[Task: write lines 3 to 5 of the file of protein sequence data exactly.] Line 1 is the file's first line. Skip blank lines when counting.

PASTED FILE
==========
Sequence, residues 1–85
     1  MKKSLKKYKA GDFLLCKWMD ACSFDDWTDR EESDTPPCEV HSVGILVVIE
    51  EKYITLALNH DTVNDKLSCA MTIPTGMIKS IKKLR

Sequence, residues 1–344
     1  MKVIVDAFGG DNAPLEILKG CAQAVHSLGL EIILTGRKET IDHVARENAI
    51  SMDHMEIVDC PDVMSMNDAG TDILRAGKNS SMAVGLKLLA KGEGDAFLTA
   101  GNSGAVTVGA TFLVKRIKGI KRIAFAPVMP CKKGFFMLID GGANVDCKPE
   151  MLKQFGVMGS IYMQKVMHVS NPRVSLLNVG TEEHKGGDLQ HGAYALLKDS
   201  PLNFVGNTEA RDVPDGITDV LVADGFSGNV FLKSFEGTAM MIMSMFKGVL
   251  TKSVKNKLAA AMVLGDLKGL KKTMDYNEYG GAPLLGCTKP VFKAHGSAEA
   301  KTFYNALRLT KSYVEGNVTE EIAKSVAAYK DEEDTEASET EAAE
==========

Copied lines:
    51  EKYITLALNH DTVNDKLSCA MTIPTGMIKS IKKLR

Sequence, residues 1–344
     1  MKVIVDAFGG DNAPLEILKG CAQAVHSLGL EIILTGRKET IDHVARENAI